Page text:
This was a historic week in Canadian politics. After the longest campaign in modern times, the Liberal party achieved a clean sweep across the country gaining a majority government. But the real question isn’t who won, but why? Who came out to vote is just as interesting and whom people voted for. How do the different generations engage in the political process was the topic of conversation this week with lots of people in my network.
Participation in the Canadian voting process has been slipping for decades, particularly among young people. In the 2008 federal election only 58.8% of eligible voters cast a ballot. And while the numbers bounced slightly to 61.1% in the 2011 election, we also saw a widening generational gap: only 38.8% of young Canadians between the ages of 18 to 24 voted compared to 75.1% of Canadians ages 65 to 72.
For this election, Elections Canada reported voter turnout in advance polls was 3.63 million, up 73% from the 2011 federal election. More than 17 million Canadians cast a ballot in the country’s 42nd federal election, making for Canada’s highest voter turnout since 1993. That’s a big jump, which was fuelled by younger voters.
Generational Theory & Politics
American demographers William Strauss and Neil Howe, argue that Anglo-American history operates in 20-year cycles, and that there are essentially four 20-year generational cycles that repeat themselves. According to their research, there are four generational ‘turnings’:
- ‘High’, where faith in social institutions and the power of the collective is high, and individualism is weak
- ‘Awakening’, when social and collective institutions are attacked in the name of individualism (i.e. people arguing that taxes infringe on their personal autonomy; the rise of neoliberalism)
- ‘Unravelling,’ when individualism reigns supreme and nobody trusts collective social institutions like government or democracy (the reign of neoliberalism)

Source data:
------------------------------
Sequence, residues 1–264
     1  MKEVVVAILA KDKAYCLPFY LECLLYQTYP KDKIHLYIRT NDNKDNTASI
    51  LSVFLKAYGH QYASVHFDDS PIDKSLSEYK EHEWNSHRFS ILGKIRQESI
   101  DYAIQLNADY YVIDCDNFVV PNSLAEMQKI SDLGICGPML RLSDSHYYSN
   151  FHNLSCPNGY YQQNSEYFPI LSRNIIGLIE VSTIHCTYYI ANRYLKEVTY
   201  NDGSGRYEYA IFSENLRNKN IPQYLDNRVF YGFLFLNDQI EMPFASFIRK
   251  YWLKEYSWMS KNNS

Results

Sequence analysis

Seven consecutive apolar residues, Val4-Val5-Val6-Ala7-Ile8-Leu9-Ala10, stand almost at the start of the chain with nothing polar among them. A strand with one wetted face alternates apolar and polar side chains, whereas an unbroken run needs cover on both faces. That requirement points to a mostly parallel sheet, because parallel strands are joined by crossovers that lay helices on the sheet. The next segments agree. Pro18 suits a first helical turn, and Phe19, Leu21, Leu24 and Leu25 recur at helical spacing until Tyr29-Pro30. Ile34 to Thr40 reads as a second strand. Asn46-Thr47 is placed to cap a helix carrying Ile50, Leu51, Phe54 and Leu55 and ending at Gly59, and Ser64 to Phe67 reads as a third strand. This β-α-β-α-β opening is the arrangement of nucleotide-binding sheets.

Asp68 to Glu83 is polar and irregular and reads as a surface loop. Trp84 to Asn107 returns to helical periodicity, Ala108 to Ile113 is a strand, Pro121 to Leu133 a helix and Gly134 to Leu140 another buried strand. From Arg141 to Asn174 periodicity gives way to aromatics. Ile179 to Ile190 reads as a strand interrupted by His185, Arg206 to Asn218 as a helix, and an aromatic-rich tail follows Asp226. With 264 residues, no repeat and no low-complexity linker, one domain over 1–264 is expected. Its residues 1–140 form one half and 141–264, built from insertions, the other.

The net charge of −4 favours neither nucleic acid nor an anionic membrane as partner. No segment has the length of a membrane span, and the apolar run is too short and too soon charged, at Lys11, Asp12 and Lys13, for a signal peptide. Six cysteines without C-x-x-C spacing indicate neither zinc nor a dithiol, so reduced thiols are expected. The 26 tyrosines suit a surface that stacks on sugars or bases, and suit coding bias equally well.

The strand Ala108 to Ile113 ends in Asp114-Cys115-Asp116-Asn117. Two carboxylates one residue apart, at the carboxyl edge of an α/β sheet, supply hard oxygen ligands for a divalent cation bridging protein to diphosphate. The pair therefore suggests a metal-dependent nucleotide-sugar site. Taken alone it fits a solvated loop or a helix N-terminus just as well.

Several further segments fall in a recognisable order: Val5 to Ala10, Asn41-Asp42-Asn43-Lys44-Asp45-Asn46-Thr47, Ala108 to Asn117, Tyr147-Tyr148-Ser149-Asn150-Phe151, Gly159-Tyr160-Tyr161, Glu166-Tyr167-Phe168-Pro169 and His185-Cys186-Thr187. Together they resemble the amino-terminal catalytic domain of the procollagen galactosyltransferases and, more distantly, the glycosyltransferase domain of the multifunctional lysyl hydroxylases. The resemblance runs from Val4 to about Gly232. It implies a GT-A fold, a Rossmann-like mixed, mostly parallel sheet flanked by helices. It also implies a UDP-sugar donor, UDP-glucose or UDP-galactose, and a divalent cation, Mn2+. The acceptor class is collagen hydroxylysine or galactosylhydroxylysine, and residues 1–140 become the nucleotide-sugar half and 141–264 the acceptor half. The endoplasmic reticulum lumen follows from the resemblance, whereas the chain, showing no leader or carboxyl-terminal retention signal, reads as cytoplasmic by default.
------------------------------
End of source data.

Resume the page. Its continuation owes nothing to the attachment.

- ‘Crisis’ in which a generation rises to the challenge and the power of the collective defeats the individualist drive and communal, civic social institutions are revived.
These four ‘turnings’ are affiliated with specific generations (Traditionalists, Baby Boomers, Generation X, Gen), but are more broadly based on archetypes, which Strauss and Howe list as:
The ‘hero’ generation is the one which defeats the individualist drive and restores the power of idealistic, collective social institutions. Howe and Strausse believe it is the Millennials (Gen Ys) which are the current ‘hero’ generation. The ‘Occupy’ movement was the first vocalization of this new generation’s rejection of individualism and their first strike toward restoring collective social institutions. Despite the fact that occupy movement has been tempered, they point out that the youngest generations desire to restore the power of civic idealism and collective social institutions is expected to continue to build between now and 2026.
They predict that the cynical ‘don’t-bother-to-vote-because-nothing-ever-really-changes,’ that Generation X is well know for, is going to give way to the restored faith in democracy and in civic-minded social institutions of the Millennial / Gen Y era. This can be seen by the increase in social involvement of Gen Ys prior to becoming 18 years old though We Day where thousands of young people celebrate how they are making a difference in their local and global communities. It’s a natural progression that socially and politically active young people mature into citizens who are engaged in the political process and vote with their conscience.
Tapping Into the Student Vote
Elections Canada’s pilot project of running advance voting stations on a select group of university campuses—39 across the country—paid off in spades; perhaps fuelled by advocates like Rick Mercer who’s popular quote “One of these days it’s going to happen and it will change the country. If young people show up to vote, it will change everything,”
Over a four-day voting period, Elections Canada reported that by the third day, 41,000 people (largely youth and students) had voted. By the end of the fourth day, over 70,000 people had voted. The numbers exceeded all expectations and shattered the belief that youth and students do not vote.
“I voted!” pins were depleted early in the day by students, and calls to vote exploded across social media. On Facebook people could post an “I Voted” badge to let others know they took the time to vote and encourage them to do so.
As Gen Ys’ political voice become louder and their involvement increased, political parties will no longer dismiss this group of voters, they will no longer assume they won’t turn out on voting day and, like the Liberals did this year, they will engage in dialogue with young voters as a way to connect, influence and bring about the change they desire.